Silman and Smith fixed the very next game against Oregon. At this point, word began to leak out to certain pockets of ASU’s Tempe campus, located just outside of Phoenix, on what was happening. One of the people the information reached was local Phoenix gangster Sean (Big Red) Papello, a 6-foot-6, 325-behemoth drug-dealer and mini racketeer that muscled in for a piece of the action.
Smith was pocketing $20,000 per game, Burton a little over $1,000 per fix. Two fixed games later and the season beginning to wind down, the Chicago mob ordered Silman and Smith to work their magic one more time.
They shouldn’t have pressed their luck.
Things spiraled out of control quickly, hours before the players even stepped foot on the floor for the Sun Devils second-to-last game of the regular-season against lowly Washington, favored by 11. Chatter about the fix reached so many people that masses flocked to Vegas to let their money ride on the sad-sack Huskies, getting 11 points. By game-time, millions of dollars had been placed across hotel-casinos across the Strip, plummeting the line an unheard-of 10 points down to a mere 1 on a meaningless Pac-10 affair that under normal circumstances would never even sniff that kind of action.
Red flags were everywhere. Antennas went up in every major sports book in the city. The Nevada Gaming Commission was informed and they in turn contacted the FBI. When tip-off came on March 5 in Tempe, the FBI had agents on hand. And when Headache Smith, the then No. 2 scorer in ASU history, played like garbage in the first half and the Sun Devils trailed 37-35 at the break, the federal agents descended on the locker room to tell head coach Bill Frieder of their suspicions and confront the team.
The agents addressed the team and told them they knew the game was being fixed.
“A pair of FBI guys came in at halftime and said, ‘Listen, the gig is up, we know some of you are trying to manipulate the outcome of this game,” a source in the locker room tells the Mafia Insider. “We couldn’t believe it.”
With Smith and Burton changing their tune and straightening out their early bad play, ASU went out in the second half and trounced over its’ opponents, coasting to a 73-55 win and losing a lot of people, including the Chicago mafia, a lot of money in the process.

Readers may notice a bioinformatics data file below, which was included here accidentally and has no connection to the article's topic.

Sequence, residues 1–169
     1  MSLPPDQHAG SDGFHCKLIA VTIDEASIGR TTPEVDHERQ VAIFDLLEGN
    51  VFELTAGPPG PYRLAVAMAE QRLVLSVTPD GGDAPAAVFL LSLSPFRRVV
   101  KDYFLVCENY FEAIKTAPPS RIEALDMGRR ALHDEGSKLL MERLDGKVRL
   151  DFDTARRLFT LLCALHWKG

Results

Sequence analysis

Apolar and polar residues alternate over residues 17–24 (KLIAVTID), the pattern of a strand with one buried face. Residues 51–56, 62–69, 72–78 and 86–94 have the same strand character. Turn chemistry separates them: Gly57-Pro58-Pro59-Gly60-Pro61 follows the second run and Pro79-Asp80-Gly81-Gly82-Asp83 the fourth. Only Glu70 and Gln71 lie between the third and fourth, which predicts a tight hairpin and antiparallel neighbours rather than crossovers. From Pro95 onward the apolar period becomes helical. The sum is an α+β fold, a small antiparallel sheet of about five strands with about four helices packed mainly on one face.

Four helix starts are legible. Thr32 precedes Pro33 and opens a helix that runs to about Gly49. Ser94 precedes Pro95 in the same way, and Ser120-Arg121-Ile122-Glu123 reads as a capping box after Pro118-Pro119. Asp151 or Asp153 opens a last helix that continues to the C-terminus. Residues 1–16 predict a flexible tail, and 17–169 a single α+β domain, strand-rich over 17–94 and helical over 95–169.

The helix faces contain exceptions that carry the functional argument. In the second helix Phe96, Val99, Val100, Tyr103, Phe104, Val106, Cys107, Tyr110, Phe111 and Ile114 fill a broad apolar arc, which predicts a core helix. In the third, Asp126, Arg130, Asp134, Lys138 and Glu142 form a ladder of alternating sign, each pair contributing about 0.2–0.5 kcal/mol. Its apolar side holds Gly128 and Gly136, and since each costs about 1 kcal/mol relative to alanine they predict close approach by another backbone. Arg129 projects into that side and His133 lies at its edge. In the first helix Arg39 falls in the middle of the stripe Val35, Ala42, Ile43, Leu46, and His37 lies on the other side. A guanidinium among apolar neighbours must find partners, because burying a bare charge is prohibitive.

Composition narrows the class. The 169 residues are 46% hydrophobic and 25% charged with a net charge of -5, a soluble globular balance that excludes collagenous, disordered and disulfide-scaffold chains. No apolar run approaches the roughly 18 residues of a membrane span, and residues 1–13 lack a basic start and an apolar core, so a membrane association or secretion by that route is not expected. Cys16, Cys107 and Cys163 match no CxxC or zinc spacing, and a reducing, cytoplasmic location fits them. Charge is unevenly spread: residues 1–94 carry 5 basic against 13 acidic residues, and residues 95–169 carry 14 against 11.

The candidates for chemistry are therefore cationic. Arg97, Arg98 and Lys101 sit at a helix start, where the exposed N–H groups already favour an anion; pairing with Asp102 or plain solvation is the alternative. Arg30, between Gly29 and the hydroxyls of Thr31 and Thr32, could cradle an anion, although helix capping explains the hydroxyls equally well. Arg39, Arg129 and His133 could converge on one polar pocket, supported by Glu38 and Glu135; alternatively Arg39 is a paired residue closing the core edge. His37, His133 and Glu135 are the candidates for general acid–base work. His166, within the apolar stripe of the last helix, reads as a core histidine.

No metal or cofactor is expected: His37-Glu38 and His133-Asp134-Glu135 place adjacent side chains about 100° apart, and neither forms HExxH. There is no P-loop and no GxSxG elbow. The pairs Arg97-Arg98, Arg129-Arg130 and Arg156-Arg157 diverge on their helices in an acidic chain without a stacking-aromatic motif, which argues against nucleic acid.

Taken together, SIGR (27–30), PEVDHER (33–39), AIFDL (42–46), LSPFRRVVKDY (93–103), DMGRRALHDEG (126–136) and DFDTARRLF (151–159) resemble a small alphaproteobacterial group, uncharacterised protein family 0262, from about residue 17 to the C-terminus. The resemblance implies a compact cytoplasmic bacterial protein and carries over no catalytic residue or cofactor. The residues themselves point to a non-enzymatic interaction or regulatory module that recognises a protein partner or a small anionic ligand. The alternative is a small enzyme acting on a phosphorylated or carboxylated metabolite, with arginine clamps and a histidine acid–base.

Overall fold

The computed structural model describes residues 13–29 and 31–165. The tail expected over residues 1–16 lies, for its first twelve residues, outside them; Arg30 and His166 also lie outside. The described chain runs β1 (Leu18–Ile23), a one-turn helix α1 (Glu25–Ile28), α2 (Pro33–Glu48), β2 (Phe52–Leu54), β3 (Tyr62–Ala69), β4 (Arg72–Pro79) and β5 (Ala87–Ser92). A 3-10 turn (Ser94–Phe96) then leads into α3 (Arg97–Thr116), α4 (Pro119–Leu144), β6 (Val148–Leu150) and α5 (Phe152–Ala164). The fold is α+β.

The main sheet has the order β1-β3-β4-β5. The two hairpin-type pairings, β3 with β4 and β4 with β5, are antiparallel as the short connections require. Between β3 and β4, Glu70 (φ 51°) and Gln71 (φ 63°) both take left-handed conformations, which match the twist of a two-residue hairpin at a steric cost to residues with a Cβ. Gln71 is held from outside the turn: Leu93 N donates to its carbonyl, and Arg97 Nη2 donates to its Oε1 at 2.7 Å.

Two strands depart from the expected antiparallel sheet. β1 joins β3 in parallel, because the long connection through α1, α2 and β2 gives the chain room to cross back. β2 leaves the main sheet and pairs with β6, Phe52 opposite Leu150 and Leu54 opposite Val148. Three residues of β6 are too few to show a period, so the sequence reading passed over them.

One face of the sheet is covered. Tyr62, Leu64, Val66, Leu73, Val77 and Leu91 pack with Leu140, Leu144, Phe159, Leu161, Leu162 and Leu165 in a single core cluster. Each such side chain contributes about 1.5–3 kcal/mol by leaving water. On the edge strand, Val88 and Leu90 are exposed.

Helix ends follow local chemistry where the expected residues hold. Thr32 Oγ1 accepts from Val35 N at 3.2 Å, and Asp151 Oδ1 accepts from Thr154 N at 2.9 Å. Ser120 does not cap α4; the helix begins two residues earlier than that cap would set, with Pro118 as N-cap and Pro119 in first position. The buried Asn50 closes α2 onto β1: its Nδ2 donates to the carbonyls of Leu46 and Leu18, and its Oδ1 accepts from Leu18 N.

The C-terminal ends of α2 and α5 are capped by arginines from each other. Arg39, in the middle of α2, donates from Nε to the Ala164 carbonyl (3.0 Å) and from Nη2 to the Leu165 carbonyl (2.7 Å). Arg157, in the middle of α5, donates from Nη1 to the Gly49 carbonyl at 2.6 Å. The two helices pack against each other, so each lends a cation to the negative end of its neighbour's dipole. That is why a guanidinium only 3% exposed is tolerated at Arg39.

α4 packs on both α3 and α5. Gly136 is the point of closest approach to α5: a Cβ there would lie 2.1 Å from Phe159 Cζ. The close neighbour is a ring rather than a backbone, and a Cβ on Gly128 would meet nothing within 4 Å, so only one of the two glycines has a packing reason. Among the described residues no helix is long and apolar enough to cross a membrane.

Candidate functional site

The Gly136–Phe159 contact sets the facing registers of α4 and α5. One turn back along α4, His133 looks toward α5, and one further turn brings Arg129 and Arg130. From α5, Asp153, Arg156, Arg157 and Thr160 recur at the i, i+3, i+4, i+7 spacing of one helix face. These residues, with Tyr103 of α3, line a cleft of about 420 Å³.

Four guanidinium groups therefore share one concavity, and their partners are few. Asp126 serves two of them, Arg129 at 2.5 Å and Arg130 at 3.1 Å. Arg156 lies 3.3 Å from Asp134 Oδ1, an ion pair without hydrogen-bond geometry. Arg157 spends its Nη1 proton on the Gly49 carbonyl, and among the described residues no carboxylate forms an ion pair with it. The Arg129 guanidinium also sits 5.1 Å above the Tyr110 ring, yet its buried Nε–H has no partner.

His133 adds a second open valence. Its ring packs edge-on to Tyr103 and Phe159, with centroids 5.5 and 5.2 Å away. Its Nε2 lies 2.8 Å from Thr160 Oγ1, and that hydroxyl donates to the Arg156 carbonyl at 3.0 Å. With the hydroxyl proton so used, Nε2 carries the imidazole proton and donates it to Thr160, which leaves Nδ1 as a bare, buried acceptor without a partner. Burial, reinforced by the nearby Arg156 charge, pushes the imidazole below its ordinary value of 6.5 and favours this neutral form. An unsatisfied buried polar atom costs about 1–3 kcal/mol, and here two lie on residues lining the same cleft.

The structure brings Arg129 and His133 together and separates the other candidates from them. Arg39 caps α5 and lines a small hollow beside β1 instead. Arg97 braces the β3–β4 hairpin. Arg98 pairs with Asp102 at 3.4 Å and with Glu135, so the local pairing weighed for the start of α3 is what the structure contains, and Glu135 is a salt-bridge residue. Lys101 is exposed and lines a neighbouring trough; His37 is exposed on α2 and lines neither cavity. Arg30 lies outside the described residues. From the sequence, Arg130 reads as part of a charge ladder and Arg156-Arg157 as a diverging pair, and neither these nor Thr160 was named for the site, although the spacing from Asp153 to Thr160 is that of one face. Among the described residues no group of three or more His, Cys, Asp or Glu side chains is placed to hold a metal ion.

Rightly or wrongly, everyone blamed Silman. Big Red Papello met him at his apartment and pummeled him. Gagliano, Jr. and the Mangiameles left angry messages on his voicemail. Papello died of a supposed drug overdose in the weeks that followed, arising the belief in some that he was possibly killed for his role in the fix-gone-bad and the OD was actually staged.
Eventually, things died down. Silman, Smith and Burton all graduated and went on their ways. Silman stayed in Phoenix and opened up a coffee stand in America West Arena. Smith and Burton headed overseas to play basketball professionally, Smith’s dreams of being drafted into the NBA squashed by the rumors of the fixed games that were attached to him. After playing for a few seasons in Europe, Headache got his chance in the NBA, signing two short contracts with his hometown Dallas Mavericks in 1997, months prior to the indictment that ended his career.
That summer one of Smith’s friends got arrested for credit card fraud. In order to get out from under the charge and possible jail time because of his previous criminal record, he told police about what he knew regarding Smith, Silman and Burton and the games they were fixing in 1994 at ASU. The case that was long suspected was finally made and on December 7, they were all indicted, along with their mobbed-up co-conspirators. Silman did the longest sentence of the bunch, serving four years. The Mangiameles both did less than a year apiece.